Monday, August 1, 2011

High Fashion at a young age

I would like to think that I discovered her, but the truth of the matter is that I didn't. I am the third photographer she has shot with this year. At least that put me in the top 3 right? What I can take ownership of is that I have a lot of aspirations for this one. 5'9" tall with the glide of a gazelle when she walks, Chanel Milan B. is her name. I won't use her last name because she is a minor with a former Fashion Week mom name Belle who is extremely protective of her cub. And that is how it ought to be. Chanel's mom used her clout to get her daughter a fresh start in Seattle Fashion Week, and from what I saw with my own eyes, it is undoubtly in the bloodline. It was her fresh young look that bought her clout with Bluestill Photography. Enough clout that I took her name to "the family" for their opinions. It was worth the gamble. Chanel hit her mark on first poses, and flowed into the next one with precision and fluidity. For the first time, I wish I could have been in the audience watching this event occur rather than being stuck behind a small black box, peering through a smaller hole to see what was going on. But you know what? My view gave me a much better up close and personal view of a young model's aspiration for this industry. So what is this blog about? This blog is an attempt to over expose this young model until she lands in the right hands. This blog is the very beginning of The Chanel Milan B campaign which started with a meeting, a test shot, a little skin care treatment and grew into this fierce tiger you are now viewing. A venture worth investing in. There are a very few select who are fortunate enough to be spotted in a crowd and find themselves living the dream. For everyone else it takes work. Networking, self promoting, and finding the ideal teams to become a part of. I am eager to see how Chanel navigate her modeling career. The entire crew I call "the family" all agreed that this shoot was what a test shoot was all about, and young Chanel Milan B made the grade. But on a personal level, I learned through this project what passion is all about, and just how much I really love doing what I am doing. I think for the rest of this month I am going to give $10 off of all of my work (hehehehehe).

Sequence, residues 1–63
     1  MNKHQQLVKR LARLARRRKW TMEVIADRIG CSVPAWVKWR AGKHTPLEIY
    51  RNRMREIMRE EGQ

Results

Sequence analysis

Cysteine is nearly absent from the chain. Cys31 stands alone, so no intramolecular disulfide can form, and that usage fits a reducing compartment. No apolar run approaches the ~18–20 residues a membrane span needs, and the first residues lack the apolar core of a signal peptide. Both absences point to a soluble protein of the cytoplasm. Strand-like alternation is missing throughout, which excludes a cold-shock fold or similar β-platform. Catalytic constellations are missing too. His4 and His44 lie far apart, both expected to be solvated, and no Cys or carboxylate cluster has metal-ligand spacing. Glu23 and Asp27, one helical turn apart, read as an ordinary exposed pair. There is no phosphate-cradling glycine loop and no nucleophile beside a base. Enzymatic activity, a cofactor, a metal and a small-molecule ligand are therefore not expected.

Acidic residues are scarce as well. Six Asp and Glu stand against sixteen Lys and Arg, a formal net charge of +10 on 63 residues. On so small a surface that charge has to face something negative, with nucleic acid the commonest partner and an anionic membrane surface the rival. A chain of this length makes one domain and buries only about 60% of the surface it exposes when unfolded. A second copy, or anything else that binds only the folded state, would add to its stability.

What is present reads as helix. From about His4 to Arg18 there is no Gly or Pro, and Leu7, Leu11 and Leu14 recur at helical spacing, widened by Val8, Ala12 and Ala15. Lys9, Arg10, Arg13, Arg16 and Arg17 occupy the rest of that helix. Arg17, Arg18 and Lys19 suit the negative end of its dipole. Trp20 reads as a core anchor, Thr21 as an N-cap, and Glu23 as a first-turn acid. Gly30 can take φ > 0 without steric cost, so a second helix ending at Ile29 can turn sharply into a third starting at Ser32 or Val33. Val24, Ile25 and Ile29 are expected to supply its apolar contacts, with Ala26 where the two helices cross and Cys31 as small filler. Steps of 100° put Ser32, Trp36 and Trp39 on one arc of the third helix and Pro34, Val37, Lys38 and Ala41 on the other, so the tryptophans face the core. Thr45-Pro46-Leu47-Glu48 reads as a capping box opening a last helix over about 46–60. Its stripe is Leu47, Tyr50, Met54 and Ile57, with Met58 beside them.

Monday, July 11, 2011

Long Shutter using strobe lighting in the foreground

My love is fashion photography. Nothing beats it. Well, except for the no hassle, no flakes, no deposits, permits, designers, cliques, etc, etc world of landscape photography. A few camera adjustments, take aim and fire away and move on to the next subject. That was until I decided to incorporate the wonderful world of modeling into the unique world of night photography. Not that I am the first to do it, but I like to think that nobody does the dew like Bluestill. I always attempt to exceed my own expectation, and as I promised when I first began shooting the long-shutter series, I would include how I shoot with a strobe to light up the always seemingly dark foreground when shooting long-shutter. All the equipment needed is the same as I explain in the first of this series, except for now, I add a very beautiful and willing model. I had her dress in relatively dark clothing for a particular reason, and that reason being so that I could exaggerate how that once very dark foreground is so well lit, that even dark clothing is defined without having an affect on the light from the background. So how is it done you ask? I start by setting my camera again on the same settings as I used for the long-shutter shoots (see previous blog: Long Shutter Night Photography [series 1]). As stated earlier, all the same equipment and add